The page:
Call me the incandescer!

Discussion in 'Discussions, Opinions & Editorials' started by KL7AJ, Feb 29, 2012.

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  1. KL7AJ

    KL7AJ Ham Member QRZ Page

    Well, I ran across 435 gajillion of these 48 volt telco lamps....the plug-in type they used to use for mutltiline phones and PBXs and such. Since they're incandescent, they're probably contraband. But I found out something I can do with them. I can drill a bunch of holes in a panel in the shape of letters (like my callsign) and then poke all these lamps into the holes and wire them all up like a grown-up "lite bright" thingy. Maybe I could go into the surplus telco lamp illuminated callsgn desk lamp thngy manufacturing business. Or not.

    Anyway...there's probably something I can do with these....If I ever have lots of time to do something inane.

    Now you know.

  2. WA4BRL

    WA4BRL Ham Member QRZ Page

    Probably a bigger market for the signs than for a transistorized HO-10, sad to say. Especially if the signs are RF activated.

  3. WA6TKD

    WA6TKD Ham Member QRZ Page

    That sounds like enough to melt all the tundra up there, you could be the 'greenies' worst nightmare.
  4. ZL2MGS

    ZL2MGS Ham Member QRZ Page

    From what I remember of many years of changing the things when they failed, the standard 48 volt types generate a lot of heat, so I'd be fairly cautious about mounting a stack of them in friction fit holes - either I'd use a non-flamable material or, at the very least, make the panel as thin as possible to allow for maximum heat dissipation.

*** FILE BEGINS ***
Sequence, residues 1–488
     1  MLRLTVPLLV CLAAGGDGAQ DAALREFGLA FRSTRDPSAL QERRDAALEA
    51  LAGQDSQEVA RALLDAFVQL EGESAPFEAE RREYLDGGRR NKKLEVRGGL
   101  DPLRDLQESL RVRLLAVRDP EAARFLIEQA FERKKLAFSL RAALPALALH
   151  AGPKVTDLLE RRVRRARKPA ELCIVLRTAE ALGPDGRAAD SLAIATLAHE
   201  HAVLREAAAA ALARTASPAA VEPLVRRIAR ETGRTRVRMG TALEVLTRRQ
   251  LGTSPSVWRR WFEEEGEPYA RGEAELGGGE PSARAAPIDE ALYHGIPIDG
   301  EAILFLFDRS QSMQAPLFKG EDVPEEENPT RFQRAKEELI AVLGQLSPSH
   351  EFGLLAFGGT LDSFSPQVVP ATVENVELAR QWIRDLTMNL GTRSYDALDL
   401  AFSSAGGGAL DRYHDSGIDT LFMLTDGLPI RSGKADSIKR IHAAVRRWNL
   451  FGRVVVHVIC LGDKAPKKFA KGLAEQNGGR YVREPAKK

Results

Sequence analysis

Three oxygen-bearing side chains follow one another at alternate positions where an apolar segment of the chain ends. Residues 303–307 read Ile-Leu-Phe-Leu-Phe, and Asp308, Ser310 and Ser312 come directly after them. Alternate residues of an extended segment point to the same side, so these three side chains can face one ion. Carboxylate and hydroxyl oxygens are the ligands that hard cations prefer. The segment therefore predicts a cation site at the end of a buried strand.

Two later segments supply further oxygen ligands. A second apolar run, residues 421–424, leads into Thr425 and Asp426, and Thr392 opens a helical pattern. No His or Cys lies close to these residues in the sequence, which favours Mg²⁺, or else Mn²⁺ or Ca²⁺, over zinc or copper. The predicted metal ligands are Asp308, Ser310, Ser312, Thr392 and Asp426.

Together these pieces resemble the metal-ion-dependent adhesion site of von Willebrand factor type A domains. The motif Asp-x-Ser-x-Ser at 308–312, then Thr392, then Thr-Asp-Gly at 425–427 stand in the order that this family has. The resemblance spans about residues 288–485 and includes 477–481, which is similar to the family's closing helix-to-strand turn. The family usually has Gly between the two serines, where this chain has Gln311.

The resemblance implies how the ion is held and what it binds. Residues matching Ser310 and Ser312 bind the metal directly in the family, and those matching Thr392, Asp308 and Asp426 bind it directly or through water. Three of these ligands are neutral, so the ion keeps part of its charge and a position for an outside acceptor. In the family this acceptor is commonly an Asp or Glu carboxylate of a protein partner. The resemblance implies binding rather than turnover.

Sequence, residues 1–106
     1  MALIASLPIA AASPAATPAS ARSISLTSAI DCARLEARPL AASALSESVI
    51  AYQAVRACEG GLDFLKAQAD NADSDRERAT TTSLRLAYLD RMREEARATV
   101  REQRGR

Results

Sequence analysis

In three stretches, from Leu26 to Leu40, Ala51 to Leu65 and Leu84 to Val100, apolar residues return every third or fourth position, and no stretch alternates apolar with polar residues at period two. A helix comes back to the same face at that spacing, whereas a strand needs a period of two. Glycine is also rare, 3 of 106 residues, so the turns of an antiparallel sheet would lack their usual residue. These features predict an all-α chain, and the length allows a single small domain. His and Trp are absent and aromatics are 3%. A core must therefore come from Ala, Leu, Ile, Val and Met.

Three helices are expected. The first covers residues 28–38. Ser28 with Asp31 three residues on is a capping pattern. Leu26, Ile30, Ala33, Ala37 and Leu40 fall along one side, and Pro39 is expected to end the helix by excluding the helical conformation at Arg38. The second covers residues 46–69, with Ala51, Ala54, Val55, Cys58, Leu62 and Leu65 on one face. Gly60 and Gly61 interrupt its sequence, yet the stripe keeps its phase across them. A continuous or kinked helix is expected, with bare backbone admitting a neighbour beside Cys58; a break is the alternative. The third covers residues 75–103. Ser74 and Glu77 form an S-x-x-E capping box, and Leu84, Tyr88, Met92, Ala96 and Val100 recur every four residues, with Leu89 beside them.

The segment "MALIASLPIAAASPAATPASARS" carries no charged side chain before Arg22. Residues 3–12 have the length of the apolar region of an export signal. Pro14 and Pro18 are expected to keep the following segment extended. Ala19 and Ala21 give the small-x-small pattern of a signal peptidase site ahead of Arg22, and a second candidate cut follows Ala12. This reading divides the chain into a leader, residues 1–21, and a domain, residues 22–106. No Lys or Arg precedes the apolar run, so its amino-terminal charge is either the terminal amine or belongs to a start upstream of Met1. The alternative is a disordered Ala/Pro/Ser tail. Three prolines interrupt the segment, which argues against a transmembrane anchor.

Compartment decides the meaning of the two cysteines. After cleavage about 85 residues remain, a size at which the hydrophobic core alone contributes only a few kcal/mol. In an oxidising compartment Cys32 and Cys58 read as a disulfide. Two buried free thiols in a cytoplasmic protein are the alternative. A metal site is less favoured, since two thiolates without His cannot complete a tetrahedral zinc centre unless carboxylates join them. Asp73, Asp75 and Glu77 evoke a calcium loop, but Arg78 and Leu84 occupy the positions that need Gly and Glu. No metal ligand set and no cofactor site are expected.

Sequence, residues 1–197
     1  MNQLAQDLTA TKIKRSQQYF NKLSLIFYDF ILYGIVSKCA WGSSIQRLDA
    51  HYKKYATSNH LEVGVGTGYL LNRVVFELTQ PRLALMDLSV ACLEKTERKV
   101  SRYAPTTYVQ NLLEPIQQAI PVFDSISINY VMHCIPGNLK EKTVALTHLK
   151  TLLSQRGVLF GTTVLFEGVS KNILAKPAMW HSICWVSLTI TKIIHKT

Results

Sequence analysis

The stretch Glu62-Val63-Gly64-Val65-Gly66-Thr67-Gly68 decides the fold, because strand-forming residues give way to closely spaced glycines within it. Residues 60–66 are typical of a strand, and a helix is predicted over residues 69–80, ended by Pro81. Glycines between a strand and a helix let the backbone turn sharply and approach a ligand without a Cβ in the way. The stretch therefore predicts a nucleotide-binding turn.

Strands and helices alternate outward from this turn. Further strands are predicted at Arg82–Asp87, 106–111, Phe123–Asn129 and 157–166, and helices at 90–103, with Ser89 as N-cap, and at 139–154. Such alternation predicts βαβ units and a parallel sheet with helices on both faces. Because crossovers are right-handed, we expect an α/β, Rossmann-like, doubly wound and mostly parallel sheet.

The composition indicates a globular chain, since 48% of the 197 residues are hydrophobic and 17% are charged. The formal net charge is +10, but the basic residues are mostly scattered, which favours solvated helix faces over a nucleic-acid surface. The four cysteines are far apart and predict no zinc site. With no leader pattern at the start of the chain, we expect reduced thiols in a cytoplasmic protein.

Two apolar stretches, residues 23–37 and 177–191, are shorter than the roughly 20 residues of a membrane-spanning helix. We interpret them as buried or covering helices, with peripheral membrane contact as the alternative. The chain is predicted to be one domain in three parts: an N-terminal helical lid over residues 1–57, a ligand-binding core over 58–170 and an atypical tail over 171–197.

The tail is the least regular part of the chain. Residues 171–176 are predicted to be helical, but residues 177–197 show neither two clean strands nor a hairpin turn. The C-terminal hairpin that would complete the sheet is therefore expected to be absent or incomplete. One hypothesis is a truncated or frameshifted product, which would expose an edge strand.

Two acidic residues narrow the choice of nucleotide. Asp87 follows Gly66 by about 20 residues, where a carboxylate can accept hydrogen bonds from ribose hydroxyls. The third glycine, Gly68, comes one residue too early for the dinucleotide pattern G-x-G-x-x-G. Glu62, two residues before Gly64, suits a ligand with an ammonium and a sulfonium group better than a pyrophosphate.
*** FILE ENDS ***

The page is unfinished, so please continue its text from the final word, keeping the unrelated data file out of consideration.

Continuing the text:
IIRC, these lamps came in standard 48 volt, low dissipation 48 volt (identified by a gap between the envelope and the base), 24 volt, 12 volt and (rare) 6 volt versions - you could identify the different voltage ratings by the colour of the base as well as it being stamped on the side contacts.
  5. K8ERV

    K8ERV Ham Member QRZ Page

    I might want to call you a lot of things, but incandescer is not one of them.

    I save odd lamps to use as components. Due to their semi-constant current characteristic they can make good series resistors in
    chargers etc, also serving as a pilot light, and maybe even a fuse.

    TOM K8ERV Montrose Colo
  6. WN6U

    WN6U Ham Member QRZ Page

    They can be used in clean audio oscillators also.
  7. K8ERV

    K8ERV Ham Member QRZ Page

    Nother old timer.

    Wien bridge.

    TOM K8ERV Montrose Colo
  8. G0GQK

    G0GQK Ham Member QRZ Page

    Yippee ! I've got two new words for my Dictionary of New American Words. First one, incandescer, and this I like, Mutitiline, is this pronounced moo / titty/ line ?
  9. N0SYA

    N0SYA Ham Member QRZ Page

    Make a highly complicated easy bake oven!
  10. WN6U

    WN6U Ham Member QRZ Page

    That's the one. I couldn't remember the name cause I'm getting old. :)
  11. K7ELP

    K7ELP Ham Member QRZ Page

    You could put three in series and connect them to 120V. That way they would probably last for ever.